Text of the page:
Photographs by Thomas Metthe
Panelists (from left) Tafi Mukunyadzi, Ernie Dumas, Bill Lewis and Phyllis Brandon discuss coverage of the integration of Central High School in 1957 at the Darragh Center Auditorium in Little Rock on Wednesday night.
Thursday, September 14, 2017
Media coverage of Central High School's integration nearly 60 years ago created fear among black families and a resulting lack of detail for students today to connect with, the parent of a graduate and an alumna said Wednesday during a discussion of the crisis.
Edith Moore, a toddler in 1957, said her parents feared integration after reading newspapers chronicling the Central High scene. Moore attended an all-black elementary school before she enrolled in Pulaski Heights Middle School 12 years after Central High's integration.
"My parents were terrified for me to have to go to an integrated school because of what they read in the newspaper," Moore said. "If you see in the news where somebody is spitting on a black child, you really don't want your child to be spit on."
A five-person panel that included three journalists who worked during the Central High Crisis critiqued media coverage of the school's integration. The journalists were Phyllis Brandon who worked for the Arkansas Democrat, Bill Lewis who worked for the Arkansas Gazette and Ernie Dumas who was the co-editor of a college newspaper at the time and later wrote for the Gazette.
Close to 100 people attended the discussion in the Darragh Center Auditorium at the Central Arkansas Library System's main branch.
Organized by the Society of Professional Journalists Arkansas Pro Chapter, the panel also included Tafi Mukunyadzi, a Central High graduate and former Associated Press reporter, and John Kirk, director of the University of Arkansas at Little Rock Institute on Race and Ethnicity.
A series of public events will commemorate the 60th anniversary of Central High's integration, culminating Sept. 25 at Central High School with remarks by former President Bill Clinton. All eight surviving members of the Little Rock Nine will attend, Little Rock spokesman Lamor Williams said.
More than three years after the U.S. Supreme Court struck down public school segregation in 1954 in its Brown v. Board of Education of Topeka decision, then-Arkansas Gov. Orval Faubus deployed the Arkansas National Guard to stop the nine black teenagers from entering Central High.
Federal troops, on the order of President Dwight Eisenhower, escorted the students into Central High for their first full school day on Sept. 25, 1957.
Moore inherited her parents' fear of integration and Central High, she said, and avoided the school for decades, until 1998 when she went there to enroll her son, who wanted to attend classes there.
"It was traumatic for me to climb those steps," said Moore, who later served as the president of the school's Parent Teacher Association. "My parents hated Central High."
While local media coverage had a lasting impact on her family, what the media didn't cover has left a gap in current students' understanding of the crisis, said Mukunyadzi, a 2008 graduate and the panel's only black member.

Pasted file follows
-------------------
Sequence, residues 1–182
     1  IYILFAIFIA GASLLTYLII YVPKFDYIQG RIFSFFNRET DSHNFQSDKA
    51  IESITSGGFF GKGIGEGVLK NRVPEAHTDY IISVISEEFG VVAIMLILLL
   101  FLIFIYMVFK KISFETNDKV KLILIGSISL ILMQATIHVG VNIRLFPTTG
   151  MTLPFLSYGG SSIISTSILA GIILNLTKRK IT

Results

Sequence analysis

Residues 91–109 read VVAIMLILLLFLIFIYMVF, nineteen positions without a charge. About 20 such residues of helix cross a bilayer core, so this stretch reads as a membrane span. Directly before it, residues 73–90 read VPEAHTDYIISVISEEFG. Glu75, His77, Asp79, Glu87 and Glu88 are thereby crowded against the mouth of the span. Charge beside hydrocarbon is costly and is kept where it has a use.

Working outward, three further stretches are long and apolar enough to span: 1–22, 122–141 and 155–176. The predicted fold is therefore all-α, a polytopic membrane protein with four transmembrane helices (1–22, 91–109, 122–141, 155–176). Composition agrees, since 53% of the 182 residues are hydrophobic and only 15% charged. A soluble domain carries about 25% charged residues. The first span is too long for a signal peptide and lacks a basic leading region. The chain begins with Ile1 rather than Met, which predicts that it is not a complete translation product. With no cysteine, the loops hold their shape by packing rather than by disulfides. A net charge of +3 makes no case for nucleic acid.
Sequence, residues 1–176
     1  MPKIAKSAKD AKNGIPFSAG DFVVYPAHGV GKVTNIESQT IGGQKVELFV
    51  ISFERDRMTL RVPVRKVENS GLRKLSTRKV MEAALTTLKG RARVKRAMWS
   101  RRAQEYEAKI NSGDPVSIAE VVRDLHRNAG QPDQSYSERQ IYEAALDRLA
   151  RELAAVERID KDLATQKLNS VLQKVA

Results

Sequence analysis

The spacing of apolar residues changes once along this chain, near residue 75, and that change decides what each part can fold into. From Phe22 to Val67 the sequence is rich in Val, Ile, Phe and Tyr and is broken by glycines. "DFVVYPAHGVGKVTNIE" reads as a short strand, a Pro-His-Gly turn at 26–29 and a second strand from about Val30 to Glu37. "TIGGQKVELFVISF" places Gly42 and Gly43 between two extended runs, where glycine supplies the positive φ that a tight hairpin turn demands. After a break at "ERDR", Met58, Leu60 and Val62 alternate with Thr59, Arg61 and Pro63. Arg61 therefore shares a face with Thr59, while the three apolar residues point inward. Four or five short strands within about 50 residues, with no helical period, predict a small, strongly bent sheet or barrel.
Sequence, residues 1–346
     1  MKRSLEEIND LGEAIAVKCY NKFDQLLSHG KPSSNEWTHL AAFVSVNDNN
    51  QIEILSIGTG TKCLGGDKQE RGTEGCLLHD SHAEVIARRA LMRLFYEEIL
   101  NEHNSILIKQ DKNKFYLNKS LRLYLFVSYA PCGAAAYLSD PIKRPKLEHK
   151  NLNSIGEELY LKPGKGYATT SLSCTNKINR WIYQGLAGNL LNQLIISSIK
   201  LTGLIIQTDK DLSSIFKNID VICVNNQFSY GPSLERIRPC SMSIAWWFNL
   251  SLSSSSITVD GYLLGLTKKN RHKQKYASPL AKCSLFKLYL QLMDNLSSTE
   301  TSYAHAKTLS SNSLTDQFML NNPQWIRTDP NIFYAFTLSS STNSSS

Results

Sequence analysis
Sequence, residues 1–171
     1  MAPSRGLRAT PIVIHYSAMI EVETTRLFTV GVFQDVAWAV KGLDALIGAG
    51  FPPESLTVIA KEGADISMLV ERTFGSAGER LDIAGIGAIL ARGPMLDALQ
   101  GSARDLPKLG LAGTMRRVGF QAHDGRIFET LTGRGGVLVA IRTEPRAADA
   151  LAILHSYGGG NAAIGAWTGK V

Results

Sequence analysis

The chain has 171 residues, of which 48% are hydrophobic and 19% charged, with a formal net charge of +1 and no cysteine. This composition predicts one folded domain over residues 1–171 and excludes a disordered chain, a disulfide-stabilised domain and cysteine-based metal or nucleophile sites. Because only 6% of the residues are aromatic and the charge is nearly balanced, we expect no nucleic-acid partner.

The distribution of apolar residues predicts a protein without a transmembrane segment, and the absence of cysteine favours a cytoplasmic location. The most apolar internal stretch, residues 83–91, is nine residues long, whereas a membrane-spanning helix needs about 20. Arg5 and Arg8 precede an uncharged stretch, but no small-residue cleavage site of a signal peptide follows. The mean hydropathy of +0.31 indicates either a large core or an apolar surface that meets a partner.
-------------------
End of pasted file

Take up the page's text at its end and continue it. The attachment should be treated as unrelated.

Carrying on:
Mukunyadzi said the lack of nonwhite voices in statewide newspaper stories from that time -- and the lack of reported details about the nine students' time at Central High -- have made it difficult for the current generation to fully grasp the nine students' experiences.
"It's forcing students who are studying that history and trying to really relate to those students and what they went through -- it's forcing them to look at it in a really different way," such as seeking secondhand accounts from relatives, Mukunyadzi said.
Dumas, who worked at the Arkansas Gazette for 31 years beginning in 1960, said "very little" coverage by Arkansas' daily newspapers included voices from minority-group communities. At the time of the Central High Crisis, Dumas was co-editor of the campus newspaper at Henderson State Teachers College.
"There is virtually no reference to the kids in the school," Dumas said of the Little Rock Nine. "You can see their names, but that's about it. The only paper that did it -- the African-American press, nationally and locally, did a great job of that."
Lewis, a native Mississippian who reported on the crisis for the Gazette, pushed back in what was one of the few points of disagreement Wednesday among the journalists.
"I thought the Gazette -- I don't want to say went overboard at times -- but the sympathy was there," Lewis said.
Among Lewis' stories during the crisis was a front-page article that -- based on the reporter's several calls to pawnshops and gun shops -- contradicted Faubus' statement that he mobilized the National Guard in response to a surge in weapon sales. Lewis also covered community events by pro-integration and pro-segregation groups.
The Gazette received two Pulitzer Prizes for its coverage of the Central High Crisis. The newspaper received an award for public service, and Executive Editor Harry Ashmore received an award for distinguished editorial writing.
Metro on 09/14/2017
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